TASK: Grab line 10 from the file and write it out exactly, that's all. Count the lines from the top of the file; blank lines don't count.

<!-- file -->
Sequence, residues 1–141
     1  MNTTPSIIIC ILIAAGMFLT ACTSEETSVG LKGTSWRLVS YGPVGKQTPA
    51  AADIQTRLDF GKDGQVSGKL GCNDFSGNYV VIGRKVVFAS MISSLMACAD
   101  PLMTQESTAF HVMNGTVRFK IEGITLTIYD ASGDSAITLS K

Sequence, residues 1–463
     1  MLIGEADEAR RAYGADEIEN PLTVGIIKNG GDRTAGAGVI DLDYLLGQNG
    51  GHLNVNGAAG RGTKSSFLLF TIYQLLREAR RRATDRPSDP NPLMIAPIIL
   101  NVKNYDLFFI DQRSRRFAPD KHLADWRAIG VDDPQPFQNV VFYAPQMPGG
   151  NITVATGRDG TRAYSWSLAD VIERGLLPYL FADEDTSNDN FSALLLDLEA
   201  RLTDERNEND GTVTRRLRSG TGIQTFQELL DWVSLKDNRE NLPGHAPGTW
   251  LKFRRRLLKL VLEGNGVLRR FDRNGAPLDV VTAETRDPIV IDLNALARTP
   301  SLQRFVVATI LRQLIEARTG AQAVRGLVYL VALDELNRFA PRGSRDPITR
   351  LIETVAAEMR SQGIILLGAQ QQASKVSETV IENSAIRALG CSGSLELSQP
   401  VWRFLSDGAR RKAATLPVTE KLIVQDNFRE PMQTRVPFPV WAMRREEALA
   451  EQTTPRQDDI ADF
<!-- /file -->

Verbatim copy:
   201  RLTDERNEND GTVTRRLRSG TGIQTFQELL DWVSLKDNRE NLPGHAPGTW